It’s been over a month since we last spoke. You had mentioned the PWN 2 OWN contest and were also planning to attend some training. Could you tell us the outcome of the contest and anything interesting you learned in your training?

Any interesting news in network security exploits or defenses in the last month?

Sam discusses a number of things in the podcast including:
  • Lifehacker password-guessing
  • Web of Trust Firefox (and Chrome)Extension
  • NoScript Firefox Extension
  • IPv4 Address Exhaustion
  • Wikileaks

Sam's class content, email and lots of other great stuff can be found at Check him out - one of the best!

Here's how to listen:

To access show notes and audio of our 30 minute audio podcast with Sam titled Network Security Update with Sam Bowne click here.

Listen to it directly in your web browser by clicking here.

If you have iTunes installed you can subscribe to our podcasts by clicking here.

Monday, April 12, 2010

Mobile Data Traffic Study

ABI Research has a new study out that provides a step-by-step analysis of the factors driving mobile data network traffic for Verizon Wireless, AT&T, Sprint, T-Mobile and the combination of all other US carriers. Factors quantified as contributing to mobile operator data traffic levels include total data devices by operator, total data-activated devices by operator, and total data consumption by device type by operator. Devices analyzed include:

  • Handsets: smartphones, enhanced phones, low-end phones, ultra-low end phones;
  • External Modems: PC Cards, USB modems, 3G/Wi-Fi routers;
  • Computing Devices: laptops, netbooks, MIDs, smartbooks
  • Consumer Electronics: mobile gaming console, mobile media player, mobile digital still camera, mobile digital camcorder, connected navigation devices, and other (mostly mobile e-readers)
Here's some highlights from the report:
  • Verizon Wireless and Sprint Each Carried Over 16 Billion More Megabytes of Mobile Network Data than AT&T in 2009
  • In 2009 Verizon Wireless carried the most traffic, followed by Sprint. Customers of these two operators generated 63% of the US market’s mobile network data traffic.
  • AT&T had the most activated data devices in 2009. But it is laptop mobile data connections that have the most impact on operator data traffic levels.
  • Mobile broadband laptop connections to Verizon and Sprint each far exceed AT&T’s laptop connections.
  • A high proportion of Sprint’s and Verizon’s laptop connections are to lower data-consuming business customers, as well as expansive 3G coverage areas, which helps moderate their network traffic loads across any cell sector.
The report projects:
  • Verizon will maintain the top data traffic position over the next five years.
  • AT&T’s share of mobile data traffic will increase and by 2012 AT&T will take the number two position.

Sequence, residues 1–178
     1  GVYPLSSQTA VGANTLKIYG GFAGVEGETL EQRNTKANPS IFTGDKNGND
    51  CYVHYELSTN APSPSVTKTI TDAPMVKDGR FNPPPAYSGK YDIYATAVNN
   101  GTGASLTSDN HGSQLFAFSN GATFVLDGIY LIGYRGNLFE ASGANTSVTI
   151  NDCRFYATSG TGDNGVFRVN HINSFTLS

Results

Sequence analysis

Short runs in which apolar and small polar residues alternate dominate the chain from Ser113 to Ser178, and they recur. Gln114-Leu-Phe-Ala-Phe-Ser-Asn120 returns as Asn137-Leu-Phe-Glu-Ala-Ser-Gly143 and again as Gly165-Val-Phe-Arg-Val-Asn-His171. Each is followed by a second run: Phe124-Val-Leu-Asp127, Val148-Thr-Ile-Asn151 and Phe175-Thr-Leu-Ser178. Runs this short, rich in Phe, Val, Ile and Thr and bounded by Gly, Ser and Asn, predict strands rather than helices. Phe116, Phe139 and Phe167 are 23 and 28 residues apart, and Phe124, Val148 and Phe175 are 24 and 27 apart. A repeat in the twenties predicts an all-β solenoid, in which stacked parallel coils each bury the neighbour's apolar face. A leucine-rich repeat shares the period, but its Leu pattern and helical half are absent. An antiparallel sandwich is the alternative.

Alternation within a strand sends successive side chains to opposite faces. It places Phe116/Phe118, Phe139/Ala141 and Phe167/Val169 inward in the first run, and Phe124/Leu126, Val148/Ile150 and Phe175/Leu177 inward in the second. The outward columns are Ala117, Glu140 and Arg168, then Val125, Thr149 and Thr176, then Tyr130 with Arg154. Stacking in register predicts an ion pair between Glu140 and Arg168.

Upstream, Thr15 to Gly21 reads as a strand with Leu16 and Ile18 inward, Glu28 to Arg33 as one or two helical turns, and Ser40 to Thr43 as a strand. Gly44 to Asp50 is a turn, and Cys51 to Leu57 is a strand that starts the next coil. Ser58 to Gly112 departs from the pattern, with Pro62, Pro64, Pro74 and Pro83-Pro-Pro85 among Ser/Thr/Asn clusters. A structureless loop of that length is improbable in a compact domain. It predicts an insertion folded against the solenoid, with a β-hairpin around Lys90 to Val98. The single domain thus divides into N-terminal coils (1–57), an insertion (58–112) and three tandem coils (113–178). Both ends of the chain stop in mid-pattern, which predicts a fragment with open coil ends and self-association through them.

• The final three spots for top mobile data traffic levels will be held by Sprint, T-Mobile and then all other operators.
The report also predicts nearly all operators will see mobile data traffic levels increase eightfold from 2010 through 2014.

Get more info on the excellent ABI Research study here.

Thursday, April 8, 2010

Proposed Broadband Projects In Your Region

The Commerce Department’s National Telecommunications and Information Administration (NTIA) announced today that it received 867 applications requesting $11 billion in funding for proposed broadband projects reaching across the United States. These are second round Broadband Technology Opportunities Program (BTOP) applications that, when combined with approximately $4.5 billion in non-Federal matching funds applicants have committed, total approx $15.5 billion. Here's a breakdown of the round 2 proposals using the three Commerce Department proposal categories from the announcement press release:

Comprehensive Community Infrastructure: 355 of the applications, requesting approximately $8.4 billion in grants, are for Comprehensive Community Infrastructure projects, which focus on deployment of middle mile broadband infrastructure that connects community anchor institutions, such as schools, libraries, hospitals, and public safety facilities. For the second funding round, NTIA has allocated approximately $2.35 billion for such infrastructure projects.

Sustainable Broadband Adoption: 251 of the applications, requesting approximately $1.7 billion in grants, are for projects that promote sustainable demand for broadband services, including projects to provide broadband education, training, and equipment, particularly among vulnerable population groups where broadband technology has traditionally been underutilized. In the second funding round, NTIA has allocated at least $100 million for such projects.